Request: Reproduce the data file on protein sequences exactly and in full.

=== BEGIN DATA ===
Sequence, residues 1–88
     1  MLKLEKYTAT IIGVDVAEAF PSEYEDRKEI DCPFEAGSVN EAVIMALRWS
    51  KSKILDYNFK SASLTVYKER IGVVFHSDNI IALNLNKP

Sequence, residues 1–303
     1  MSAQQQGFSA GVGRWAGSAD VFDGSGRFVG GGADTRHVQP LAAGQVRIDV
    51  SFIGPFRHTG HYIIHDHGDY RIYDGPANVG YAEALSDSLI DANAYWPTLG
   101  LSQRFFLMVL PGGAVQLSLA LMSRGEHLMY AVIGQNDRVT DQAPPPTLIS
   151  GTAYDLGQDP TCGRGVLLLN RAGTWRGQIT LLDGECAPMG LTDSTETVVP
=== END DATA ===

Sequence, residues 1–88
     1  MLKLEKYTAT IIGVDVAEAF PSEYEDRKEI DCPFEAGSVN EAVIMALRWS
    51  KSKILDYNFK SASLTVYKER IGVVFHSDNI IALNLNKP

Sequence, residues 1–303
     1  MSAQQQGFSA GVGRWAGSAD VFDGSGRFVG GGADTRHVQP LAAGQVRIDV
    51  SFIGPFRHTG HYIIHDHGDY RIYDGPANVG YAEALSDSLI DANAYWPTLG
   101  LSQRFFLMVL PGGAVQLSLA LMSRGEHLMY AVIGQNDRVT DQAPPPTLIS
   151  GTAYDLGQDP TCGRGVLLLN RAGTWRGQIT LLDGECAPMG LTDSTETVVP